The records of a highly productive literary couple, the Zane and Norman Kotker Papers contain manuscript drafts, notes, research materials, correspondence, and reviews. Reflecting both the co-operation and the competition connecting married writers, the collection offers insight issues ranging from the financial challenges of supporting the writing careers of two novelists to the challenges of a woman attempting to define herself professionally during the early 1970s and the publishing scene in New York City in the 1970s through 1990s. The collection also include materials related to the founding of the Well Spouse Association–Zane was a founding member of the organization created to provide a support system for individuals caring for chronically ill and/or disabled spouses–including her nonfiction writing published under the name Maggie Strong.

Gift of Zane Kotker, Sept. 2016
Subjects
  • Well Spouse Association
  • Women writers
Contributors
  • Kotker, Norman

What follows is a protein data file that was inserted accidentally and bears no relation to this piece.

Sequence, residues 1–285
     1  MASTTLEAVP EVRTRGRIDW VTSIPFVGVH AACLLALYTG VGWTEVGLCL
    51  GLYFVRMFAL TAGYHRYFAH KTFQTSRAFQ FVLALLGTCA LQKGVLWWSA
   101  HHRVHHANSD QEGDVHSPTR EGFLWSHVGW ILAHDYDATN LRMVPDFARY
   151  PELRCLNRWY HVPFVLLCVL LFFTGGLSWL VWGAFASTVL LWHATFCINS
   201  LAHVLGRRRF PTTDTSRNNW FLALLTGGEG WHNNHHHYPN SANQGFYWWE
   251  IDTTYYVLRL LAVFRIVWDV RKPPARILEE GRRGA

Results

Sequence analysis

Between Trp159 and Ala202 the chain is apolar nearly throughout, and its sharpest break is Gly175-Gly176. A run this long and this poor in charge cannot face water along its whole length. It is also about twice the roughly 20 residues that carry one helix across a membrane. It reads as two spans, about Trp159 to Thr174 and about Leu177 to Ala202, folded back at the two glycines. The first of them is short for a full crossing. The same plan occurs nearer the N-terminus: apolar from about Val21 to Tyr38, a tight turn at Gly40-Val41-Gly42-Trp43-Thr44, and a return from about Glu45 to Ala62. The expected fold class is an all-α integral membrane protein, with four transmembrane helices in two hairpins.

• Kotker, Zane

Kramsh, Samuel

Samuel Kramsh List of Plants Found in Pennsylvania and North-Carolina : manuscript notebook, 1787-1789
1 vol. (0.1 linear feet)
Call no.: MS 431

During the last quarter of the eighteenth century, Samuel Kramsh worked as a collector and supplier of native plants for horticulturists and botanists, including Humphry and Moses Marshall and Benjamin Smith Barton.

This manuscript includes an exhaustive record of plant species collected in Pennsylvania and North Carolina during the years 1787-1789.

Acquired, Jan. 1919
Subjects
  • Botany--North Carolina--18th century
  • Botany--Pennsylvania--18th century
  • Marshall, Humphry, 1722-1801
  • Thurber, George, 1821-1890
Contributors
  • Kramsh, Samuel
Types of material
  • Field notes

Kraus, Karl

Karl Kraus Papers, 1880-1962 (Bulk: 1930-1962)
2 boxes (1 linear feet)
Call no.: MS 470
Karl Kraus Papers image
Karl Krauss